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Two New Yorker Fiction Reviews: "Kalifi Creek" by Lionel Shriver, and "Roadkill" by Romesh Gunsekera

Today's reviews: "Kalifi Creek" by Lionel Shriver, from the Nov. 25th, 2013 issue of the New Yorker, and "Roadkill" by Romesh Gunesekera, from the Dec. 2nd, 2013 issue.

"Kalifi Creek"

One of the best things you can ever say about a work of literature is that some part or parts of it lingered with you after you read it. Maybe it was a phrase, a piece of insight, a particular scene, or just the feeling it inspired in you. But, ideally, if you invest time in a work of fiction, you do so in the hopes that some part of it is going to resonate with you and stay with you for some time afterward. You put in work, you expect some kind of return. In that sense, this story paid off.

The story describes an incident by which a 23 year old girl gains a firm grasp of adulthood and her own mortality, by coming face-to-face with death in an African creek, then in a parallel incident 14 years later, as a full adult, in which (***spoiler alert***) she's not so lucky.

As a man in his mid-30s who has escaped death once or twice (that I know about), this story resonated with me deeply. Not only because of the brushes with death but because of the passages when the main character starts to grasp that, up until that point, she has behaved like a child. Shriver handles these moments with a bittersweet accuracy that bears re-reading and re-analysis.

Also, the following line strikes a chord with me: " aphorism must have applied--something about never being aware of forces that are on your side until you defy them." If that doesn't encapsulate what it means to make the cold, uncomfortable plunge into adulthood, then I don't know what does.

You should also read this story for the powerful, beautiful, almost breathtakingly fine prose Shriver uses to close out the story, which ends in a chilling death scene. I will be haunted by those words and that scene for a long time to come and I plan to save that passage for inspiration.

One interesting note: Apparently Shriver has the habit of quite openly using news items for ideas and twists in her stories. Openly, in the sense that they're immediately recognizable to anyone familiar with the news item. Well, I was familiar with the news item she used for this story. The actual news item took place in New York City, oddly enough, while I was on vacation there this summer. It made headlines in my guilty pleasure the New York Post, which I buy every day when I visit NYC, and I was captivated by the tragedy. So, as I read this story, I naturally realized what was about to happen. It was a chilling feeling. In some ways I feel a little cheated and maybe pissed off at Shriver for borrowing--stealing--from real life in such a way; not only is it a bit insensitive and cheap, but it robbed me of the chance to be surprised by the ending. However, all-told, the piece is so beautifully done that I can't hold it against her.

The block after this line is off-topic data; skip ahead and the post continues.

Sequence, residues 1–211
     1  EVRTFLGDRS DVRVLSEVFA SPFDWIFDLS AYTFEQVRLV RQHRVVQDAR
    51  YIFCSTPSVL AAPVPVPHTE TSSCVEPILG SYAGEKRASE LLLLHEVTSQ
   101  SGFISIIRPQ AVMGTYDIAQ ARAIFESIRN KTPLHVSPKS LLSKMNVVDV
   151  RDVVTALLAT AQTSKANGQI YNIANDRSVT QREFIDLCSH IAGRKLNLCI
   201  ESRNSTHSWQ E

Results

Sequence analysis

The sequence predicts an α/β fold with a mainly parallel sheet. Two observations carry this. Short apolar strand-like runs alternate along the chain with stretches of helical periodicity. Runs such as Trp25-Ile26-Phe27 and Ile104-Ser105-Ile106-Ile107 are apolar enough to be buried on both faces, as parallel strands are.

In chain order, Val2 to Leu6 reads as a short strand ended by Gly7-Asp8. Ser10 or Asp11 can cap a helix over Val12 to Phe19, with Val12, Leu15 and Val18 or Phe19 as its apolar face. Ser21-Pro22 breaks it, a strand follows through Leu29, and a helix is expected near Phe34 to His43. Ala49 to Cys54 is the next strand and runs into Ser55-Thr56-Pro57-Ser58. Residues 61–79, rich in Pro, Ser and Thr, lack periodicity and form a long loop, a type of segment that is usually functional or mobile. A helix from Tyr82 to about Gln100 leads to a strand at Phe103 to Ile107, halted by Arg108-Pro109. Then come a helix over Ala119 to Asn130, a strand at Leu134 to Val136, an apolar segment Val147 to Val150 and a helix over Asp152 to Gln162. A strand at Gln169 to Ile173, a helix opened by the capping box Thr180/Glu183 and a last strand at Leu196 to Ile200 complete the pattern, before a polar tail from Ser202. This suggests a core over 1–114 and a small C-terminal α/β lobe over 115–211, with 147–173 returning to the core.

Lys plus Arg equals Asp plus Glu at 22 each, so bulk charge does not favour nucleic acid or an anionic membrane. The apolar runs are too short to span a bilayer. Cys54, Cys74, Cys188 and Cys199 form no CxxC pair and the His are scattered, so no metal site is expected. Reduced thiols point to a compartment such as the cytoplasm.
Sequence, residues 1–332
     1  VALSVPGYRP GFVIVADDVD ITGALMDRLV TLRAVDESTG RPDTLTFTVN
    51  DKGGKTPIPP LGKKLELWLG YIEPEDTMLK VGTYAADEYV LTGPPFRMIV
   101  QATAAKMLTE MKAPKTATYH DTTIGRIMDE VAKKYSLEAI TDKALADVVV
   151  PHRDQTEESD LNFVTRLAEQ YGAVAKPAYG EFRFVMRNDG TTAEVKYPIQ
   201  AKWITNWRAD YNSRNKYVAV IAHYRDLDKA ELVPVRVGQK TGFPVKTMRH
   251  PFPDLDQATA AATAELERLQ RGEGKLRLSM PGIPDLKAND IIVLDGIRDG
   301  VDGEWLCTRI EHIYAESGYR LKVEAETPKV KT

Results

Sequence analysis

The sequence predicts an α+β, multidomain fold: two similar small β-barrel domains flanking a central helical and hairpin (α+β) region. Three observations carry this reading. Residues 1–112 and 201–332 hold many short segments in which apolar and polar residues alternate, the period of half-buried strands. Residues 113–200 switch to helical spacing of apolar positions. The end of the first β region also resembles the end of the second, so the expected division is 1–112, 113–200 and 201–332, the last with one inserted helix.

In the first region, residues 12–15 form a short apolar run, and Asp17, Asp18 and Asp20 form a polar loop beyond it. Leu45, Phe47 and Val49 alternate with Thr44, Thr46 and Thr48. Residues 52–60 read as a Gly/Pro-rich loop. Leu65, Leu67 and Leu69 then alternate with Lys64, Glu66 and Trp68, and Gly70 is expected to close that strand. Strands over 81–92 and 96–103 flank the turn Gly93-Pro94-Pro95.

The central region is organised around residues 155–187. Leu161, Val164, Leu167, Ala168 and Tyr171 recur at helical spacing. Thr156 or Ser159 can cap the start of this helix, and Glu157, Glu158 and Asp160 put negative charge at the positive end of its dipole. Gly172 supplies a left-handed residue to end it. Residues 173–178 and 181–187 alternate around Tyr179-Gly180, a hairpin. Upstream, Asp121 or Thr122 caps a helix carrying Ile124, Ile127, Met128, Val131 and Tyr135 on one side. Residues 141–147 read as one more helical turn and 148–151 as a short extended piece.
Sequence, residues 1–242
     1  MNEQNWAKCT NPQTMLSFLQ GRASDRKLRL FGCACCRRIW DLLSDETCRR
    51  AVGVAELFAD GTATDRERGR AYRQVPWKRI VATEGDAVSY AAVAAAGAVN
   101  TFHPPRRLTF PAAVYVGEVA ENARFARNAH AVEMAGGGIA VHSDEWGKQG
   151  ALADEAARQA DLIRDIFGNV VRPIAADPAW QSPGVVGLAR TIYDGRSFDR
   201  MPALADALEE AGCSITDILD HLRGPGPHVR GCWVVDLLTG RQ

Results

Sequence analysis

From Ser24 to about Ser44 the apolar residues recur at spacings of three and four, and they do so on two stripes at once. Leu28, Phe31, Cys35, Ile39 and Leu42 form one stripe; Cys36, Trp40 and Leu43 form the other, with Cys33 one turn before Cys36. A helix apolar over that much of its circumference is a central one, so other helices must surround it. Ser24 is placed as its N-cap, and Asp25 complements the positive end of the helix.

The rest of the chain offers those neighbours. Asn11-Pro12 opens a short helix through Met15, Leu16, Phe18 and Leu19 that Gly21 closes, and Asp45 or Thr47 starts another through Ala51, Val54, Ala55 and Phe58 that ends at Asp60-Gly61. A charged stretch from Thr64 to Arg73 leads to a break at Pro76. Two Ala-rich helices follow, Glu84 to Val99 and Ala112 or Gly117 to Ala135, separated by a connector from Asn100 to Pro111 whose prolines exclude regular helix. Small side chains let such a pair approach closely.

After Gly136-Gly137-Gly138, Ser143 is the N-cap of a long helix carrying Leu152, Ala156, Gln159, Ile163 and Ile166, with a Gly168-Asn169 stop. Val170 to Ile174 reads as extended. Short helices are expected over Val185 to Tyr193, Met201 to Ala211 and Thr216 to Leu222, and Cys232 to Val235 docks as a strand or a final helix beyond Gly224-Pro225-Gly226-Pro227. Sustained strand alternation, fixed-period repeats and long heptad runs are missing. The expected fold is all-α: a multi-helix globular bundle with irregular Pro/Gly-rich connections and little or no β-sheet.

I can pinpoint the precise moment when this story lost me, and it happened early. I don't mean "lost" as in I failed to understand it, but lost as in I gave up caring what happened to the main character. That moment was when, in describing a certain dangerous Sri Lankan town, the author describes it as: "the kind of town where you could imagine a Clint Eastwood character striding in and notching the stock of his rifle with yet another senseless killing."

First off, that's a lame, bullshit, mailed-in description. That's something you'd see in a screenplay, not a work of literature. It's like someone told this author: "You need to put something in the first paragraph that makes the town seem dangerous." Crap.

Secondly, the Clint Eastwood character is never the one who does the senseless killing, he's the one who is taking revenge for the senseless killing. That's like using an analogy in which you use Superman as a villain. What?? The only defense--maybe--is that this writer is foreign and doesn't grasp that nuance. still lost me. Pop Culture references are tricky for this exact reason and that's why I don't use a lot of them in my writing: because I'm not a great consumer of Pop Culture and I'm afraid I will mis-handle the reference and polarize the reader. Bing. Thanks for re-enforcing my trepidation about Pop Culture references.

In addition to that: there's just not much a of "story" here. It's more of a sketch, at best. The driver of a car-service takes a pregnant woman and her husband through a war-ravaged part of Sri Lanka that is now getting back on it's feet while memories and scars of the war still linger. He becomes fascinated with a woman there, but that fascination does not bloom into anything. He leaves the following day.


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